Over the past year, Ottawa Public Health (OPH) has seen a 76 percent increase in the number of cases of infectious syphilis. Alarmingly, all of these cases have been male, and over 90 percent report that they are men who have sex with men. It’s a staggering increase, and one that has the OPH rallying media to spread a simple message: get tested.
“I don’t think a lot of people even know syphilis is still around,” says Patrick O’Byrne, registered nurse and Sexual Health Centre spokesperson for OPH. “It seems antiquated somehow, like something you’d get in the Victorian era.”
O’Byrne is on the front lines of OPH’s education campaign, setting up STI testing booths at local bathhouses for clients interested in knowing their status in regards to sexually transmitted illnesses. Despite the potential for putting a damper on the steamy fun, he reports that many men have taken the opportunity to get tested.
“It’s been pretty successful,” he says. “I get one of the rooms and put a sign on the door that says nurse on site for testing HIV, gonorrhea, chlamydia and syphilis. We selected a nurse as opposed to a non-healthcare provider so we can do more comprehensive testing, as well as offer counselling and prevention information.”
And with HIV still holding onto its status as the worst case scenario for many who fear getting tested, O’Byrne points out that syphilis is riskier than some may think.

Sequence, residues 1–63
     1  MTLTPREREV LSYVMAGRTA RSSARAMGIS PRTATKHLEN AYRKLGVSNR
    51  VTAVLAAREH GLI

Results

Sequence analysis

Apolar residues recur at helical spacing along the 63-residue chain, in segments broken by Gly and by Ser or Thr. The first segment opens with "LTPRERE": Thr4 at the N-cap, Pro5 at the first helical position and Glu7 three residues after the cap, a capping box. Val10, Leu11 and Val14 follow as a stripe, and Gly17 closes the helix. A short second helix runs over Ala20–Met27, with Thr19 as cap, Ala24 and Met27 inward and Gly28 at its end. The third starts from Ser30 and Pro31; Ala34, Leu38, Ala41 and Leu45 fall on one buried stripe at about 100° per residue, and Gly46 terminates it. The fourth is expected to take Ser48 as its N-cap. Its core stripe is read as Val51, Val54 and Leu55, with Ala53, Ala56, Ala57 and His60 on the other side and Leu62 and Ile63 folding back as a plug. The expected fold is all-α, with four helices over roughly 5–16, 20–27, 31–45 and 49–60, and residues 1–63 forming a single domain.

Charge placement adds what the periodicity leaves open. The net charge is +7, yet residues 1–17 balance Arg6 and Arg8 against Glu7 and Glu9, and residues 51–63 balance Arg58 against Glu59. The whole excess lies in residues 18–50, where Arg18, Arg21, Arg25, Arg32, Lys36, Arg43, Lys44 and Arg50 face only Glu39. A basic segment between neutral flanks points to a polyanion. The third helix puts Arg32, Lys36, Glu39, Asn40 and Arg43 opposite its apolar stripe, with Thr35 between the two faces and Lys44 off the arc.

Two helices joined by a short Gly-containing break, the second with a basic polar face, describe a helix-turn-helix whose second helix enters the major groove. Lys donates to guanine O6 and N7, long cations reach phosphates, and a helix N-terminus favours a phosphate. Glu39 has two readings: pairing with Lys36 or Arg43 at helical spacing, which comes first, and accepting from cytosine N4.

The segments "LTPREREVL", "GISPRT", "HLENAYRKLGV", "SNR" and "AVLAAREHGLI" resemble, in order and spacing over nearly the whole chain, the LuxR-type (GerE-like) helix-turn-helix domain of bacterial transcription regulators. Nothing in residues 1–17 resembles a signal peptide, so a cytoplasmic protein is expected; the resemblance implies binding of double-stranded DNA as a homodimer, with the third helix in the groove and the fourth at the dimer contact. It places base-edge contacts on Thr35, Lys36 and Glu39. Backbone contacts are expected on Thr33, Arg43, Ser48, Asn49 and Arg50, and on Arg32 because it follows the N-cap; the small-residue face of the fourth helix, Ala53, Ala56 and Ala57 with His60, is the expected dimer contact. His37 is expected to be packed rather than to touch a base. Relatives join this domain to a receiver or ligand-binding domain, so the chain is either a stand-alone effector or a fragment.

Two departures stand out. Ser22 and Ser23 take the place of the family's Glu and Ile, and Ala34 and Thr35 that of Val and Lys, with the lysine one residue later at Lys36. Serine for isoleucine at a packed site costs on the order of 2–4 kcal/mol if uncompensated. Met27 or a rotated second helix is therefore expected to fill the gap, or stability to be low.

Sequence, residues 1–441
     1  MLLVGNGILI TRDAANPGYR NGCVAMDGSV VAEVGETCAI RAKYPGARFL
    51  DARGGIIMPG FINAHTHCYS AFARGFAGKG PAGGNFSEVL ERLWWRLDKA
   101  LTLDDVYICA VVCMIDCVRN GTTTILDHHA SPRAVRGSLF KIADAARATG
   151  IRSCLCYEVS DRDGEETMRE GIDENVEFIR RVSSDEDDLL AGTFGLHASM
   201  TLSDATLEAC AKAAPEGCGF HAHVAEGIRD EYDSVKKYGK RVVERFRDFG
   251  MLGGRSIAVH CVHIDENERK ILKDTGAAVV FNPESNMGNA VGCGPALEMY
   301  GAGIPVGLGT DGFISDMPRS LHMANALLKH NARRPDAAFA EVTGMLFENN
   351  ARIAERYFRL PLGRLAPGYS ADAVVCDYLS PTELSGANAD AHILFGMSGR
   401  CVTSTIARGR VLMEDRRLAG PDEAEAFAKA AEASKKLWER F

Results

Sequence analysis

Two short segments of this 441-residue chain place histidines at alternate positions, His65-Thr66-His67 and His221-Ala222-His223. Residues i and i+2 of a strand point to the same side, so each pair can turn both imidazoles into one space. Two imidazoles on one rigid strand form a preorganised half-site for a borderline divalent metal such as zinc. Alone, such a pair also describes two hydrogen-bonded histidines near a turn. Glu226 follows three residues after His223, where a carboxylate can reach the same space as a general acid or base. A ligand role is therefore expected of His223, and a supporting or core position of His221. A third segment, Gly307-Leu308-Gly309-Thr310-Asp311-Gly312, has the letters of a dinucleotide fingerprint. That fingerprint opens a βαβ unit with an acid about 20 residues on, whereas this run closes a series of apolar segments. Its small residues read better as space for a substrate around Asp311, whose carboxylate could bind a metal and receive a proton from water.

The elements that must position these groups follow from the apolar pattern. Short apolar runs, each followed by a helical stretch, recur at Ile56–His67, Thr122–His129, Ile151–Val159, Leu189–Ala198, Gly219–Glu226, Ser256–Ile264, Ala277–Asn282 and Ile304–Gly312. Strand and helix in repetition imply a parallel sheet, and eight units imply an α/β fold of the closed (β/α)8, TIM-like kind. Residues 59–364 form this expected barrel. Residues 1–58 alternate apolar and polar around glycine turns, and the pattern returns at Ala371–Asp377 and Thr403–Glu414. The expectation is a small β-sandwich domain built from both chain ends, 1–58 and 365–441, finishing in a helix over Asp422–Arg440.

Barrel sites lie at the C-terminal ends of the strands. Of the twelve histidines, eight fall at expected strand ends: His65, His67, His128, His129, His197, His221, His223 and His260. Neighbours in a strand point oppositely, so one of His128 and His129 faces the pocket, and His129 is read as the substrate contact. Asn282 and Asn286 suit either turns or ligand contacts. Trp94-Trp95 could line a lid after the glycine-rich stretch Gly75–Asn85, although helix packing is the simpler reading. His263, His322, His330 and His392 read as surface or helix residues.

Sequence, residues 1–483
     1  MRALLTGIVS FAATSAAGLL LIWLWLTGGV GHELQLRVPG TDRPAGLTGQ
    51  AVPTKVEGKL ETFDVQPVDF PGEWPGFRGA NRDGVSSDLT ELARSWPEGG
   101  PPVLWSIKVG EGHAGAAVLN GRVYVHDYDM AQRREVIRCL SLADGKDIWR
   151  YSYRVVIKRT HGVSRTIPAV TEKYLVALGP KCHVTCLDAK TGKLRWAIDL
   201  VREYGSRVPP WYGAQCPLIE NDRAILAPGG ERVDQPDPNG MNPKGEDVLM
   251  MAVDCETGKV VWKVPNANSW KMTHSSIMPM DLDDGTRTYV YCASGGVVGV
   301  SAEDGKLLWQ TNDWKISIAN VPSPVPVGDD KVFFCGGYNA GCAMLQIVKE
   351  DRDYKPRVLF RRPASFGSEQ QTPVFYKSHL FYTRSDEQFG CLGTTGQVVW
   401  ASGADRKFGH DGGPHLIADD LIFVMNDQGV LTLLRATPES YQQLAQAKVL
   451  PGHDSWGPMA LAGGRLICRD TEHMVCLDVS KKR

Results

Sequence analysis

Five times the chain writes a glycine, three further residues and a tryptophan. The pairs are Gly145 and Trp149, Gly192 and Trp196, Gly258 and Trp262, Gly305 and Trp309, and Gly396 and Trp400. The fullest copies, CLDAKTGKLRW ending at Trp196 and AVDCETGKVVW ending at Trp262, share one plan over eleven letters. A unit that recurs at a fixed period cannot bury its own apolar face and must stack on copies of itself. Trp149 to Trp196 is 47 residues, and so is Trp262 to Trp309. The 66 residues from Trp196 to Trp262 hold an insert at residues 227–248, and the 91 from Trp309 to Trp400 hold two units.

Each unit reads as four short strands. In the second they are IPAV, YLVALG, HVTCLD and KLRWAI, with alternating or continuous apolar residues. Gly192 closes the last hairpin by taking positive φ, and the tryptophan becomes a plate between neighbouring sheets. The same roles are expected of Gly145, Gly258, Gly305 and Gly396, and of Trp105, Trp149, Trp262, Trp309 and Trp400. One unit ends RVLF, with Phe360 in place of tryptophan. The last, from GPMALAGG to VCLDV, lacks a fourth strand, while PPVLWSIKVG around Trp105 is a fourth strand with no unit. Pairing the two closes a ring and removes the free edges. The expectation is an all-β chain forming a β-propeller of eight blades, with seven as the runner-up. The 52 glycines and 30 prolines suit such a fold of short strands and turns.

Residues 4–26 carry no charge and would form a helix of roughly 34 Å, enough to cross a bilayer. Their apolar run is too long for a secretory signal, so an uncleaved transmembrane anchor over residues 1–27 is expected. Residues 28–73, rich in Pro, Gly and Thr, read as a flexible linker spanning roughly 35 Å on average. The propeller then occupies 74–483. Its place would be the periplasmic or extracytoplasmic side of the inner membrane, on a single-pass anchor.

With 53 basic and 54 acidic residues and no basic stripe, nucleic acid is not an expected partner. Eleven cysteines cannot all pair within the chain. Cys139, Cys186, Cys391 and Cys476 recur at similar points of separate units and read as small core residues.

“Syphilis is highly infectious,” he says. “With HIV, the risk of infection is less than one percent per unprotected sexual contact. Syphilis is around 60 percent, over 60 times more infectious than HIV.
“The other risk is that people often don’t even know they have it. There are classical symptoms that can be easily missed or misclassified.”
The symptoms are fairly straightforward. The first sign is the appearance of a chancre at the site of the infection. Now, a chancre is not the same as a canker — the type of painful sore you get in your mouth after eating too many potato chips. A chancre is a painless lesion that can appear in or around your mouth, around the anus or on your genitals. It usually appears within one to four weeks (average is the third week), followed by a non-itchy rash on the trunk, palms or soles of the feet.
“Some might think it’s a heat rash,” O’Byrne points out. “Or an allergic reaction to food or soap or detergent. Syphilis is known as the great imitator.”
Once the rash goes away, the disease begins to attack small blood vessels in the body and can cause irreversible damage to the brain, heart, liver and bones.
“If left untreated, syphilis is fatal,” O’Byrne says. “But it’s completely treatable with antibiotics. So getting tested is the most important thing.”